From 70's Session Player
PS: This technique is a guitar and amp miking tip that so many session players and bands in the studio can use to their advantage.
I was reading an article in the December 2013 issue of Guitar Player about Steve Hunter who was a well known sideman and session player with both Lou Reed, Dick Wagner and Alice Cooper.
Steve Hunter worked hard and developed his own tone and feel that so many producers and band leaders were looking for, and made him a wanted man in the studio session world in the 70's.
Mr. Hunter said that Dave Gilmour helped teach him because he was one of the best players who had a great sense more than most rock players on how to have more of a natural blues feel, and a rock player who played his way and lent his tone more to harmony and feeling based more on emotional playing that too few players have today.
If you get a chance take a look online at Gilmour's work with Pink Floyd. Not just the well known material.
I'll be honest with you, Steve Hunter is not the session guy I know a lot about, but his miking tip is an incredible golden nugget so many of you guys could use!
Okay, here's the the guitar miking technique you should use next time you're in the studio.
I can't guarantee it will work for you—but I know that if you don't use this miking tip you'll lose out on a great way to develop your own tone and find new ways to record your material.
To me this tip is like having an extra distortion or effects pedal without having to use one if you tweak your amp,guitar and miking just so.
Okay here it goes...
The 70's guitar miking recipe for session cats.
Okay, the type of mics Steve used and the position and distance were very important. He used Shure SM 57's which are a staple in the studio. Not so much your higher end but a solid mic none the less.
He kept that SM 57 close to the grill of the amp then another mic—a Sennheiser 421 about 4 or 5 feet back from the Shure, and then more of a condensor even further back. In using that condensor far back it gave more of a tone that lent it's self to a jazz type melodic tone without a pedal.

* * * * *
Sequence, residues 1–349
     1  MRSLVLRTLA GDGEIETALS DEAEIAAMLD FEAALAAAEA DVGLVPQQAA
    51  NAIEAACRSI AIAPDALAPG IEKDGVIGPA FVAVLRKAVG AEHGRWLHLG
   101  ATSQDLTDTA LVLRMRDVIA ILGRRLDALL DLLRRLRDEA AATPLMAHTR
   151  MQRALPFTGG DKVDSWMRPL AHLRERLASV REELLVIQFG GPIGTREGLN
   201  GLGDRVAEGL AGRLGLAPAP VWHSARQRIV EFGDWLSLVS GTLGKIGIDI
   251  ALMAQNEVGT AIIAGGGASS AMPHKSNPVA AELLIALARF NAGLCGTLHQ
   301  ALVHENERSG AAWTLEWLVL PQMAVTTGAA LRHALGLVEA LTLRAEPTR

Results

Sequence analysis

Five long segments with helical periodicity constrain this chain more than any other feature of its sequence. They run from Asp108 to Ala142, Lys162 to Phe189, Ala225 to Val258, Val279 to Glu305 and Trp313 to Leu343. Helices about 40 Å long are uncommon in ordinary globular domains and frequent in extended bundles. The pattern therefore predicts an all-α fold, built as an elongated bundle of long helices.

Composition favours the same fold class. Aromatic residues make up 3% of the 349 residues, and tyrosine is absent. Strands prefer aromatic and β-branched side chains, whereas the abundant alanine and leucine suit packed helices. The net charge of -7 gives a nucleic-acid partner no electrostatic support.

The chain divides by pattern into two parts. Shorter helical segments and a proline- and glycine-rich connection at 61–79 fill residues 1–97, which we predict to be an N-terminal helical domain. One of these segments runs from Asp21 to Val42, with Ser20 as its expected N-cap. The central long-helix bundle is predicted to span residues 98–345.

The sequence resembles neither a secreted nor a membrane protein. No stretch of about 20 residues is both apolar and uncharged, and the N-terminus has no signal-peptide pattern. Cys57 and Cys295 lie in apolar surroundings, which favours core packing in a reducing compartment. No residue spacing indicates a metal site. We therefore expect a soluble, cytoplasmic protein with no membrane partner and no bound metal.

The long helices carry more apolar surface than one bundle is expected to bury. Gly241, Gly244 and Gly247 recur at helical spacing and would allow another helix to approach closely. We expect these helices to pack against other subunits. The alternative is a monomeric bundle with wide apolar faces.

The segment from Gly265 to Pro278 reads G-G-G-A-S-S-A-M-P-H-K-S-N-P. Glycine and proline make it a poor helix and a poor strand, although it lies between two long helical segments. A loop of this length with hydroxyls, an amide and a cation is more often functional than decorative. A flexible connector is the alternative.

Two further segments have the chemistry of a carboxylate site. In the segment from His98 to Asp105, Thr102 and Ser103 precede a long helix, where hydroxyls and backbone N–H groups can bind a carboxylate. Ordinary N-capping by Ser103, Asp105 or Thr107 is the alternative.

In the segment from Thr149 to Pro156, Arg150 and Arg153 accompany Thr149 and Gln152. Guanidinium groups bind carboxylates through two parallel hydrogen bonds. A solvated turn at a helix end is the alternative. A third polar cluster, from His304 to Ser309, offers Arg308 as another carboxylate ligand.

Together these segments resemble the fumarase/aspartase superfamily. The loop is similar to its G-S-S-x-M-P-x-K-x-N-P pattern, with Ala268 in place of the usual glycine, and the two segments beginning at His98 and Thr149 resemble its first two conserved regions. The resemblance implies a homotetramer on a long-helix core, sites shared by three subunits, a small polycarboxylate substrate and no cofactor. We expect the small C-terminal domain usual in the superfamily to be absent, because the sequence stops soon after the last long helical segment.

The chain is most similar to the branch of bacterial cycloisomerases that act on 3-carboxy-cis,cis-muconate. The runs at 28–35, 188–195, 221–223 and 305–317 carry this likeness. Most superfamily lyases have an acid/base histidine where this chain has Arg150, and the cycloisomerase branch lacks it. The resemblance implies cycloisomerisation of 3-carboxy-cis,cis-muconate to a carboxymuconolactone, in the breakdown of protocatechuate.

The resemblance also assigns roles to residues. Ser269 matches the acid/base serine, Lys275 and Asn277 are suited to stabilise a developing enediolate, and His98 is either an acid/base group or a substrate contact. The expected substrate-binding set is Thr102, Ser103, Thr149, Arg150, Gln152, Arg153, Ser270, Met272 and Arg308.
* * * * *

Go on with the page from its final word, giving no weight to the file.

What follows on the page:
If you don't have 3 mics you can use just two and test,test,test the hell out of them. That is the combination of mic distances and positioning.
As well, if you're a creative player who is schooled in designing and creating your own tone but only have one mic to work with—its important to know how to combine 3 things. Those are your guitar and amp tone along with your miking technique.
So depending on the tune you're recording---you'll have to tweak your tone for either higher gains,cleaner tones or just a down and dirty,nasty feel.
And a mid-range feel without the need for an effects pedal.
I always say to players if you want to become better at playing and be in demand, learn how to get a good tone and natural feel in your playing,without pedals or effects. Then when you do need an OD or Fuzz, you'll be able to do it well without having to over ride your tone in a negative way that takes away from your playing and natural tone.
If you have any other questions on this, just email me. Believe me I'm no expert but I talk to the experts who have been instrumental in helping me understand how to get great tone and recording like a pro.
By the way, Steve Hunter has a new album called:The Manhattan Blues Project. I don't have a link to it at the moment.
Some of the best players are on this album. You want to learn how to be a real guitar player, go back to the 70's.